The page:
- The Washington Times - Wednesday, March 3, 2010

PHOENIX | On Saturday mornings, crowds of homeless people gather with other needy people at picnic tables outside a church in an upscale Phoenix neighborhood, listen to sermons and settle in for sausage, pancakes and scrambled eggs.

The pastor says it’s the Lord’s work. Neighbors say it should be done elsewhere.

Residents say the homeless create blight and pose a danger to them, pointing to the case of a homeless felon caught with child pornography in the neighborhood. A complaint prompted city officials to order the year-old breakfast halted, saying it violated zoning laws.

Now, the dispute is in federal court in Phoenix, with the church saying the city is violating its First Amendment rights and a federal law that protects religious groups from city zoning rules.

“This is what it means to be a church,” said the Rev. Dottie Escobedo-Frank of the CrossRoads United Methodist Church. “We’re just trying to take care of some people who are hungry and trying to reach out to our neighborhood.”



City officials say they’ve never disagreed that the church is doing good work, but that it’s operating as a charity dining hall in violation of zoning laws. The church is on a busy street, lined with homes with well-manicured lawns.

“We’re glad in the city that they’re trying to help out,” said Patrick Ravenstein, the city’s area manager for neighborhood preservation. “However, the type of help they’re giving can only be conducted in a certain zoning district.”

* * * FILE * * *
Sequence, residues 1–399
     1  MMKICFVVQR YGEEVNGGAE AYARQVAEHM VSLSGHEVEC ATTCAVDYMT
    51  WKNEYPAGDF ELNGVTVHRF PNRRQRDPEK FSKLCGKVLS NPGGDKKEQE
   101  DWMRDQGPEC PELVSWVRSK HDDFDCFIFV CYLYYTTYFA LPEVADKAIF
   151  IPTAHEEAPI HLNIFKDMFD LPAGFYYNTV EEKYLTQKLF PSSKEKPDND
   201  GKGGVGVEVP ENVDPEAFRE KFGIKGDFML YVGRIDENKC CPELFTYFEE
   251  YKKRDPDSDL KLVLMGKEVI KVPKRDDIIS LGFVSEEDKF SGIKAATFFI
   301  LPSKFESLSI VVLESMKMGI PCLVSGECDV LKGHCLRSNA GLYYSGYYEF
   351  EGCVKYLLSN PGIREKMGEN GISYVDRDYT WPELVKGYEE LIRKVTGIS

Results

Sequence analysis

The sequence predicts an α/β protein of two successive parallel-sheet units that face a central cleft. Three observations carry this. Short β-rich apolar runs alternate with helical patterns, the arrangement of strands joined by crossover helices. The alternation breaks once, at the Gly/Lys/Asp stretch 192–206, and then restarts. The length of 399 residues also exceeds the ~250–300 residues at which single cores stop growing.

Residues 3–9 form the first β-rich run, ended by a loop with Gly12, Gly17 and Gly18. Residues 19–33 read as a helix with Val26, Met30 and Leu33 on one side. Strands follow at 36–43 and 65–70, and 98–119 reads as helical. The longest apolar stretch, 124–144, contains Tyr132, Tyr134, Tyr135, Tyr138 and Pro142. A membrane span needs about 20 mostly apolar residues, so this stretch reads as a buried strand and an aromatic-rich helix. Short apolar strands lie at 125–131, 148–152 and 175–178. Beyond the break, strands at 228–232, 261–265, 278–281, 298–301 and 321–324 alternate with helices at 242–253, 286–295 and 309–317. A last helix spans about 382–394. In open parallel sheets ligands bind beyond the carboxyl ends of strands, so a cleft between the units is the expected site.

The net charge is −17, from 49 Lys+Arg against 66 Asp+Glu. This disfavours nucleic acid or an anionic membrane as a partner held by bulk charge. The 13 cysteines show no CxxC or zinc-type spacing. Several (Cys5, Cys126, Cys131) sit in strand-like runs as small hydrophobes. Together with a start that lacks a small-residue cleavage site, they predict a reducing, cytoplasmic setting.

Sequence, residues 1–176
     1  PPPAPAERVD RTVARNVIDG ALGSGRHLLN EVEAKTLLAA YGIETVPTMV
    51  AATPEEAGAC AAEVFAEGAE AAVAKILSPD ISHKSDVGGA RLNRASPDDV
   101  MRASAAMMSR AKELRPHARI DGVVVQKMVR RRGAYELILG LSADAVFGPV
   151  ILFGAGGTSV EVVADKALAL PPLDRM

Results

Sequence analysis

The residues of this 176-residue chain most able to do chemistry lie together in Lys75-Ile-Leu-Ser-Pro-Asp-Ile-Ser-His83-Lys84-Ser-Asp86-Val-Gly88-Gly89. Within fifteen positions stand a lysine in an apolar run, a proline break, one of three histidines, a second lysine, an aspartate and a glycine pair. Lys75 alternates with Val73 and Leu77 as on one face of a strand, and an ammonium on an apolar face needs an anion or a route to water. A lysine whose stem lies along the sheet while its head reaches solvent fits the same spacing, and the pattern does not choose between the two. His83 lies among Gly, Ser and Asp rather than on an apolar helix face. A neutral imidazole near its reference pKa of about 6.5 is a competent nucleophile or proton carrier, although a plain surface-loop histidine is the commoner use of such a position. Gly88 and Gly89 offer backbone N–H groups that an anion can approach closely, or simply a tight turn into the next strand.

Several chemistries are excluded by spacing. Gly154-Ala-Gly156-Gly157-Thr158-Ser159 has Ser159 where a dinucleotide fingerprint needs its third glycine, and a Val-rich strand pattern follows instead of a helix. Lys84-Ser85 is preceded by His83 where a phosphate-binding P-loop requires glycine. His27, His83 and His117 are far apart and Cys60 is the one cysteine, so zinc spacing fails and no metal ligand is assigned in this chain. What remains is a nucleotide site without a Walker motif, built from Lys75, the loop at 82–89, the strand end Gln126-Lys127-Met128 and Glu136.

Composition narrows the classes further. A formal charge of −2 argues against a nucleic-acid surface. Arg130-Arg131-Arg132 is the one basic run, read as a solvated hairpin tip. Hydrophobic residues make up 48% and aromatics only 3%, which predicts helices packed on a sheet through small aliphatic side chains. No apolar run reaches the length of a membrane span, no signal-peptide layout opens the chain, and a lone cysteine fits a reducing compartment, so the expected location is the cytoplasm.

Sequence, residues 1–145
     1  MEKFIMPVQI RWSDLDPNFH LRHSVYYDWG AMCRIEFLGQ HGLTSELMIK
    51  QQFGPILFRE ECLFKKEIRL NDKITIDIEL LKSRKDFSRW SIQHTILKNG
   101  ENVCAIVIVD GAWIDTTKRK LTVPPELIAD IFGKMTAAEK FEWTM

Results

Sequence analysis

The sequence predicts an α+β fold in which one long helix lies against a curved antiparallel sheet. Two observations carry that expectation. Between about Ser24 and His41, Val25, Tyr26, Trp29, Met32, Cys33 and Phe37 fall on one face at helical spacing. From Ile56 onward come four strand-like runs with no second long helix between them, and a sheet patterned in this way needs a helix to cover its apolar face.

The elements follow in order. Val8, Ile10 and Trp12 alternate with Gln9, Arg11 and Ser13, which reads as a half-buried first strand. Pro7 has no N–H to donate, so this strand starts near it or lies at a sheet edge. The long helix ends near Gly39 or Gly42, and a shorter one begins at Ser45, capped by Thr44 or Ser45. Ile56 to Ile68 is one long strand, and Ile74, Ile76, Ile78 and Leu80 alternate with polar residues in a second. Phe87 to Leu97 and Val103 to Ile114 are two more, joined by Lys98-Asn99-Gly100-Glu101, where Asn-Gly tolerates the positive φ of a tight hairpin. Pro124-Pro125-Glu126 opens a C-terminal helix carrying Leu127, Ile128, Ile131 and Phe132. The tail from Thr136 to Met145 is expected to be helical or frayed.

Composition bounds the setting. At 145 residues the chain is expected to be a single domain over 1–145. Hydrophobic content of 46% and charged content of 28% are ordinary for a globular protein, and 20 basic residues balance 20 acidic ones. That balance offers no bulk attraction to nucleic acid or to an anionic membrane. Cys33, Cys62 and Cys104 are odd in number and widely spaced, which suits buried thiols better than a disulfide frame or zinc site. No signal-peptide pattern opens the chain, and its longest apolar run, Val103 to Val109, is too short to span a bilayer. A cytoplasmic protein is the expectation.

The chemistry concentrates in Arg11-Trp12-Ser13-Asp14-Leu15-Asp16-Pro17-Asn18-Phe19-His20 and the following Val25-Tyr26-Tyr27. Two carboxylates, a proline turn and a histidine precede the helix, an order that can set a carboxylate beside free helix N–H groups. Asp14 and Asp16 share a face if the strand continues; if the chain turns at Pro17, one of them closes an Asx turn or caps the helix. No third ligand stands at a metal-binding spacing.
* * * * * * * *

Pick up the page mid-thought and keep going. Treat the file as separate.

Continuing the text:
The attorney for the neighbors says his clients’ complaints have nothing to do with religion.

“This has never been about the First Amendment,” said Jason Morris. “It’s about a law that applies to every property owner.”

Charles Haynes, senior scholar at the Nashville-based First Amendment Center, said such spats have become quite common across the country since Congress passed the federal Religious Land Use and Institutionalized Persons Act in 2000.

The law gives religious groups a high level of protection in zoning cases and forces cities to show there’s a compelling reason, such as public safety, to restrict them.

And “churches are winning more than they’re losing,” Mr. Haynes said. “The law has teeth … It’s a big mistake for local officials to try to limit the ministry of religious groups.”

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